With there still being a major question mark as to whether or not baseball is actually going to be played this year, teams are having to deal with the financial realities of no baseball in 2020, and we have seen that come into play over the last week or so, with some teams certainly handling it better than others. Additionally, we have also seen a rash of teams make cuts in their minor-league system ahead of the draft, which is on June 10 and 11. The Red Sox were part of both of these groups on Friday.
We’ll start with the latter, as the Red Sox cut 22 minor leaguers Friday afternoon. The full list can be found here at Masslive. The group is mostly non-prospects and players further up the organizational ladder, some of whom were scheduled to be free agents after the season. That is an important point in the context of these cuts and others around the league since it is assumed there will be no minor-league season in 2020, though an official announcement on that front has not come out yet.
As for the validity of these cuts, there are two points to be made here. One is that cuts like this would have happened in a non-pandemic universe as well. As many around baseball have pointed out, teams make cuts to this degree every year from the end of camp through the draft, and it just happens that they’re happening all at once this year. Some teams are taking this to more extremes than others, but the Red Sox were roughly in the middle of the pack and in line with their normal cuts. The team also committed to paying their minor-leaguers their $400/week stipend through August, which seems like nothing but teams like the A’s are cutting that off within the week and other teams haven’t pledged throughout the whole season.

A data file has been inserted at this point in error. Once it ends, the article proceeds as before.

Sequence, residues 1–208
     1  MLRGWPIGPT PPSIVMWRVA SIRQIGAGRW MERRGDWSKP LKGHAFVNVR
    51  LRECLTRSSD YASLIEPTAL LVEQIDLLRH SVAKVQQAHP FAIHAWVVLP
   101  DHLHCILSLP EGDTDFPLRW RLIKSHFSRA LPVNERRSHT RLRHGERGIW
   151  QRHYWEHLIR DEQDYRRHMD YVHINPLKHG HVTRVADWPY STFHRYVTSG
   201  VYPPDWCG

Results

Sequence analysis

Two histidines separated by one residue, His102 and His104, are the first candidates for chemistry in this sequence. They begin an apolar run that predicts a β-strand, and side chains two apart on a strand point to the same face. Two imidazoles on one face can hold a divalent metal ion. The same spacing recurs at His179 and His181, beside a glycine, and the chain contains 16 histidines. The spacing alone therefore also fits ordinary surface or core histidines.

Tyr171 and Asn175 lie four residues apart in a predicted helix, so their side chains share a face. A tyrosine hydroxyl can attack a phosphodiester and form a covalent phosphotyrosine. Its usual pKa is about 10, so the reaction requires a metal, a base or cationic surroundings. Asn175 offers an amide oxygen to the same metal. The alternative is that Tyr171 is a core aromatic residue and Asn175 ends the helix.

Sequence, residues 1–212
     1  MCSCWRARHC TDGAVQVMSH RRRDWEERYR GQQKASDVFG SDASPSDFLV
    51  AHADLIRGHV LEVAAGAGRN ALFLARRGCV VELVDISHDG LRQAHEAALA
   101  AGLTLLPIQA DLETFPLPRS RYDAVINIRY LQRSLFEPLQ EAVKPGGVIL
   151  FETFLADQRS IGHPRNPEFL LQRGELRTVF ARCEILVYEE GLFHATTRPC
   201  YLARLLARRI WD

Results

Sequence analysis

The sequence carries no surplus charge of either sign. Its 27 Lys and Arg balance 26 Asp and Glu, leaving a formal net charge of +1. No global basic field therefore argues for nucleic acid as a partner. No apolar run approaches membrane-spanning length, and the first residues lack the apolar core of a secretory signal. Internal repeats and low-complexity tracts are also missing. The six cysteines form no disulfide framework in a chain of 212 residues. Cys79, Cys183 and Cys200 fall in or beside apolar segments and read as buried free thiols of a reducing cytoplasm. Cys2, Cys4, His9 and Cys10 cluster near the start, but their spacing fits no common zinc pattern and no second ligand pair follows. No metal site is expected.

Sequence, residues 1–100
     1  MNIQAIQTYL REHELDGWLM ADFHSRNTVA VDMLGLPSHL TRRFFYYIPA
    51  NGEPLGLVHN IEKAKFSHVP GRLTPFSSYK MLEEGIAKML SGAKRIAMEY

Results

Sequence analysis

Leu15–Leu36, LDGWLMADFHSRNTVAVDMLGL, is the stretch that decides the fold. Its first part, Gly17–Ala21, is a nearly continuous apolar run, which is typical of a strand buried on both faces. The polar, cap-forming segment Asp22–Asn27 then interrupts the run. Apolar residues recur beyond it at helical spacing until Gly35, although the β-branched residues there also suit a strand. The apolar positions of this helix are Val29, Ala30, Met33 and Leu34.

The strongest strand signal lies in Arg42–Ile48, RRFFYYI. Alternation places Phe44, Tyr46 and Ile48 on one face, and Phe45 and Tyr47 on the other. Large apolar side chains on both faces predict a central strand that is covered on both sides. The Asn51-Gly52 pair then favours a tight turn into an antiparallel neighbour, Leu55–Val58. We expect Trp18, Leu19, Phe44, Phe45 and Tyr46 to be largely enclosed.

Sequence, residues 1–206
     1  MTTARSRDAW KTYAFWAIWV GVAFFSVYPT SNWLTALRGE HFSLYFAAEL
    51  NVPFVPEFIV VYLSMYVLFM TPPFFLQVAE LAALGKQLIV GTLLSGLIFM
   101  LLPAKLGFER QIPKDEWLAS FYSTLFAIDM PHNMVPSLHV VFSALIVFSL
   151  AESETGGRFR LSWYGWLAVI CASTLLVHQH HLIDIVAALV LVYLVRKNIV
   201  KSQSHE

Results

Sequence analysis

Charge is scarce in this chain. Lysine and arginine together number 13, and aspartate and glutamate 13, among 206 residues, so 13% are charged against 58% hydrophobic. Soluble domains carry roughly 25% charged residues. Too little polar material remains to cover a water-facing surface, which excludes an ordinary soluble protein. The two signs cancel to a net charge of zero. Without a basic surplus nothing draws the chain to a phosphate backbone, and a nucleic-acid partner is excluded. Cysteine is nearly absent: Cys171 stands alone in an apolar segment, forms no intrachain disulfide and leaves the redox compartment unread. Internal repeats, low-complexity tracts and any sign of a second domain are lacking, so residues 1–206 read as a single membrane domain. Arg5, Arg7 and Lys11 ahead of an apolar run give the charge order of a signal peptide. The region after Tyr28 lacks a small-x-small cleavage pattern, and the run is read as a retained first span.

So, the Red Sox certainly aren’t the worst team in handling all of this, but it should be pointed out that they don’t need to make these cuts either. For one thing, just from a pure baseball standpoint there likely aren’t as many players coming into the organization this summer since the draft is only five rounds, and Boston only has four picks. I don’t have a good sense of how many undrafted players they might sign, but I have a hard time believing it would be nearly enough to approximate a normal class. So, they didn’t need to clear the roster space. Cutting the 22 players results in a measly $123,200. Teams like the Royals committed to making zero cuts in their minor leagues, proving that it is possible. So while the Red Sox certainly weren’t the worst in their handling of this area of their finances, they could have improved as well, at least in terms of saving jobs.
The team was also in the news later in the day when news of their planned salary cuts to other employees in the organziation. Evan Drellich was the first to report the cuts, and later reported the tiered cuts, which you can see below.
Tiers of cuts to Red Sox employees:— Evan Drellich (@EvanDrellich) May 30, 2020
Salary of $50K-99K is 20%
$100 to $499K is 25%
$500K-plus is 30%
Employees making $100K are being treated the same as those making upwards of $500K. Says one employee: “People are livid.”
As Drellich points out, people are livid with these cuts, which don’t seem to make a whole lot of sense. For one thing, a $50,000 salary seems like a low floor, particularly in Boston where the cost of living is so extreme. Other organizations have made similar cuts, but started with employees making $75,000 and with 15% cuts. It should be noted, though, that according to Alex Speier these cuts are only on the portions of the salary that exceed the thresholds. These cuts run through the end of the calendar year.